The UK fashion industry is expected to be one of the big Brexit winners. Around 100,000 people are now employed by the UK’s clothing and textile industry. This is actually the highest number since 2007, but is still dramatically less than the early 1970s, when it provided jobs for more than 1 million people. A recent report from the UK Fashion & Textile Association (UKFT) this summer revealed a 7.6% increase in the number of UK companies manufacturing textiles and clothing over the past year. This is clearly a break from a long-standing downward trend but if Brexit does trigger a sudden rise in demand can the much depleted sector keep up?

UK factories no longer have the capacity for volume manufacturing, so meeting any boom in demand will be far from easy.


Marmite -V- Tesco – the true cost of Brexit

marmiteMarmite, the salty yeast based breakfast staple, is at the centre of an on-going row between two consumer giants. Unilever are saying that Brexit is responsible for the massive price hike of it’s products and Tesco are saying that they should not foot the bill. Tesco has since gone on to embargo affected Unilever products meaning that stocks of the Marmite are no longer appearing on shelves. However, Marmite is actually made in the UK. So why is it’s price being effected by the falling pound?

Marmite has been exclusively produced in one factory in Burton-upon-Trent, Staffordshire since 1902. While the exact recipe is a trade secret, its main ingredients include yeast extract, vegetables and spices and was originally produced in the town because of it’s rich brewing heritage. There were once 30 breweries in the surrounding area which supplied the waste yeast as a by-product of beer making to the Marmite factory but now the raw materials come from across the country.

The pound has fallen 17% since Britain voted to leave the EU. Some suggest that these are fantastic conditions for UK manufacturing to grow and thrive and, in any case, why should a UK produced product consisting of all UK produced ingredients suffer from such currency fluctuations. Well, the answer is simple – while the product itself is made in the UK the bottles aren’t. Like many similar products, the bottles are likely to constitute the majority of the value of the finished. Basically, the cost of the container is more expensive to produce than the content. After all, the main ingredient is slurried yeast!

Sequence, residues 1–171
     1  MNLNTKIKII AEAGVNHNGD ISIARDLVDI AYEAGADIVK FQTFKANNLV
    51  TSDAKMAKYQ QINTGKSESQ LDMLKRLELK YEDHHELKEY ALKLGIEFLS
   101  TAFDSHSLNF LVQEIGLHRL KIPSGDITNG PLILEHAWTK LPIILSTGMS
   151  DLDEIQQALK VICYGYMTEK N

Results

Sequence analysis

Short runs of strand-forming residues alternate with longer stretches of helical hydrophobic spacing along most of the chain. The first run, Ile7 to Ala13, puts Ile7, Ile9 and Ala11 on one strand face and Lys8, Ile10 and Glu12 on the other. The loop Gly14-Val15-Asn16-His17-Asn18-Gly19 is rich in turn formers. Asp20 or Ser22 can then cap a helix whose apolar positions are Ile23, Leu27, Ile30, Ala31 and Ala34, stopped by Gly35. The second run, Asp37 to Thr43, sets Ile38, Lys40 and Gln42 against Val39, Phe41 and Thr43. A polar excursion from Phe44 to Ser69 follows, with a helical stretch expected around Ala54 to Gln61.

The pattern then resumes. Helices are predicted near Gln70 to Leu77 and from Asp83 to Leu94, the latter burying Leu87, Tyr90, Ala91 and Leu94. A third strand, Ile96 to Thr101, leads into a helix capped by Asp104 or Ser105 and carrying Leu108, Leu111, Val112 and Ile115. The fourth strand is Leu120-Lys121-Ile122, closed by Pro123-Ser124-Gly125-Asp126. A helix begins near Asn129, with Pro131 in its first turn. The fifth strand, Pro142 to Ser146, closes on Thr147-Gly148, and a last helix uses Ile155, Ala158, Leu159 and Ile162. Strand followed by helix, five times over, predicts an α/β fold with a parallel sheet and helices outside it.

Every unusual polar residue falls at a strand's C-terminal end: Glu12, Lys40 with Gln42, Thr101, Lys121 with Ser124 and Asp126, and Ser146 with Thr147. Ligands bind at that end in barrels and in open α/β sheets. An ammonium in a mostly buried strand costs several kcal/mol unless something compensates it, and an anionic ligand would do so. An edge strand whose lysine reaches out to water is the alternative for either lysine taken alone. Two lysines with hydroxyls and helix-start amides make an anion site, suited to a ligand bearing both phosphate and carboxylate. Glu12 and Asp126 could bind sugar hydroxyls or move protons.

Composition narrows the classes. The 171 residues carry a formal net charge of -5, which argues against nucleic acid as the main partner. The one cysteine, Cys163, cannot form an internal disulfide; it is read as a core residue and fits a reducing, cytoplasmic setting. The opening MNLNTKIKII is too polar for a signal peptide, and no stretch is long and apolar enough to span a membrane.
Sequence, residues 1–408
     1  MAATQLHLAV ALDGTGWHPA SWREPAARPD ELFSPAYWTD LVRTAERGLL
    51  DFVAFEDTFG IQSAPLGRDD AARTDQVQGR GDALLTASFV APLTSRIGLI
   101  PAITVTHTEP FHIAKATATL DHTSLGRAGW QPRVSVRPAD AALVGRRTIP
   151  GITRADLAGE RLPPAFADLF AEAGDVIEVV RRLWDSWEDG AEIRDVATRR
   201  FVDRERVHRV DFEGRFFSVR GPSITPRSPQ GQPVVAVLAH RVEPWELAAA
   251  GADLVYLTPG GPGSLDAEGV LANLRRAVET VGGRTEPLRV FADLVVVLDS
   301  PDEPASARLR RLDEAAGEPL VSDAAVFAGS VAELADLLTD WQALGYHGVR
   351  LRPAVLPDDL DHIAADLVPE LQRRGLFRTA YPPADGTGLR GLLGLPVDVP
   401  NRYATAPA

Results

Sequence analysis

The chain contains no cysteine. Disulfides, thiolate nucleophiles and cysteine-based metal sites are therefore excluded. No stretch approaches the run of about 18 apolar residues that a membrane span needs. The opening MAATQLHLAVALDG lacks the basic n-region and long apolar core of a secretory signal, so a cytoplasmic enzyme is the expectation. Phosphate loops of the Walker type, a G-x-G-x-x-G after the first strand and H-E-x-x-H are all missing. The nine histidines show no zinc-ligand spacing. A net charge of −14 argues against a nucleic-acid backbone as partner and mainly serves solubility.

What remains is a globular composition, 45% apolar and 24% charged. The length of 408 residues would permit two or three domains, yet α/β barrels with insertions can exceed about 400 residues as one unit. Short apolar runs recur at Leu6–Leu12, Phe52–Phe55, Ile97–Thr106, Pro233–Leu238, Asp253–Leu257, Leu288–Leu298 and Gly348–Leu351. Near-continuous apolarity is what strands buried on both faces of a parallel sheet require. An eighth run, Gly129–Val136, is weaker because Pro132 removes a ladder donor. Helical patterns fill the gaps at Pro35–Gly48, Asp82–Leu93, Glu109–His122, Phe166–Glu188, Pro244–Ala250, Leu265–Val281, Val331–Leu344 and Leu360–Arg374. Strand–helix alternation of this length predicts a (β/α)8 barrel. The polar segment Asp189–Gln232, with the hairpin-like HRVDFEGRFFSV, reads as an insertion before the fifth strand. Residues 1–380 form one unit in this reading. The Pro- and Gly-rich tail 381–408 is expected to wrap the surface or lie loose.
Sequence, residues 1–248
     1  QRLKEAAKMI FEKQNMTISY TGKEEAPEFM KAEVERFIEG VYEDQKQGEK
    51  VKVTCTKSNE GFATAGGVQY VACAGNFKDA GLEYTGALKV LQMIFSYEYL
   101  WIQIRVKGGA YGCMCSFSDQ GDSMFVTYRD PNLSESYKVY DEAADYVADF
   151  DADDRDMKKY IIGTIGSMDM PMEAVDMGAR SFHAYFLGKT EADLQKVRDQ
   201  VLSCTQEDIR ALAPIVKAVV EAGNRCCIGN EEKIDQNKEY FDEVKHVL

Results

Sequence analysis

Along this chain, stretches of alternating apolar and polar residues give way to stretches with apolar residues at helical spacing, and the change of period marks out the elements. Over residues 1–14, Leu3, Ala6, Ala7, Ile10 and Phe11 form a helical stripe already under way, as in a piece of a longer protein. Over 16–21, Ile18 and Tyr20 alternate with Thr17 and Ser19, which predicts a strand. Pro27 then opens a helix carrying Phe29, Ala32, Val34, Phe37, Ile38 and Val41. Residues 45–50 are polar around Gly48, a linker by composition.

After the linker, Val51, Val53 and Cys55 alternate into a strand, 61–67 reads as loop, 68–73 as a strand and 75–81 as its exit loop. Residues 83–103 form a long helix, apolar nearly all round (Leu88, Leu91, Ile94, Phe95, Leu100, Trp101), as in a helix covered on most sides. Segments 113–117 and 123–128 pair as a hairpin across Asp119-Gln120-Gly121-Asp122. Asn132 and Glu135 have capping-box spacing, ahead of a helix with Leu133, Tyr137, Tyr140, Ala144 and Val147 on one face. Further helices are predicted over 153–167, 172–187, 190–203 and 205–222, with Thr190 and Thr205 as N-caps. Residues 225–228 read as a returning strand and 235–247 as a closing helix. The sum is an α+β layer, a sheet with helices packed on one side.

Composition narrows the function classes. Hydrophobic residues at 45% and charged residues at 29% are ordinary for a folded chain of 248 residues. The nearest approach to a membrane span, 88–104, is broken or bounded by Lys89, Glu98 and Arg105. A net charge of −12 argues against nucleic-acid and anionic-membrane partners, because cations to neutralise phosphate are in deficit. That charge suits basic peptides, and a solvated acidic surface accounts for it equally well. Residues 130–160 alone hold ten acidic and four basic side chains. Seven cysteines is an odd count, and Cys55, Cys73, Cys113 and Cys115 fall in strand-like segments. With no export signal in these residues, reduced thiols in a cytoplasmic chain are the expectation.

Unilever are asking for 10% price increase in a number of their products and some are suggesting that the increased costs, in real terms, are unlikely to be that high. So are Unilever trying to take advantage of the current political situation? The answer has to be ‘quite possibly’. If successful are other food producers going to try something similar – almost certainly.

With the falling pound it is clear that imported goods will likely suffer a price hike but the majority of UK produced items should remain static. As consumers, in the short-term, we will certainly need to begin scrutinising the location of manufacture of goods far more rigorously in order to get the best deals. This is unless unscrupulous producers begin trying to pull a fast one.

UK manufacturing suffering but it’s too early for Remainers to gloat.

uk-manufacturing-outputs-slight-june-growthThe plunging pound is failing to boost demand for UK exports British factories suffered a worse-than-expected drop in activity after the Brexit vote.

Eagerly anticipated data released today by the Office of national Statistics (ONS) showed a sharp contraction in the manufacturing sector in July of 0.9%. This news comes despite hopes that the Brexit-hit pound might make British made good an attractive proposition for overseas buyers.

However, the figures appear to show a small 0.1% rise in overall industrial production for the same period which seems to somewhat contradict the doom and gloom.

Whatever you politics many sources are using this news as an ‘I told you so’ to underline their stance on the recent Brexit vote. However, if recent history has taught us anything it is that we should be careful not to talk ourselves into recession.

At worst todays news is a mixed message. I believe, that given the right governmental support the UK manufacturing sector could emerge from Brexit stronger than at any other point in it’s recent history, but it will be a long game. It is far too early for ‘I told you so’ and certainly far to early to worry about recession.

  • James

After nearly a century MG cars are no longer made in Britain

1280px-mg_tf_blue_frontThe last MG branded car to be built in the UK has already rolled off the production line. After 90 years of production the Chinese owners of the MG marque have decided to more production… yes, you guessed it – to China.

Shanghai-based SAIC Motor acquired Chinese automaker Nanjing Automobile in 2006 following their purchase of the MG marque and the Longbridge facility (for £53 million) just 12 month earlier.

The British-badged carmaker, first established in 1920, sold 2,300 vehicles in the UK last year. However, SAIC suggest that the move will only cost 25 jobs in the UK.

The low redundancy figure can be attributed to the fact that much of the actual manufacturing was off-shored soon after the initial 2006 deal. The production line in Longbridge, as I understand it, was mainly for screwing on the bumpers and other last fix assembly.

So, the reality is that, if you have bought a new MG in the last 10 years. Its claim to be ‘Made in Britain’ might be considered to be illegitimate.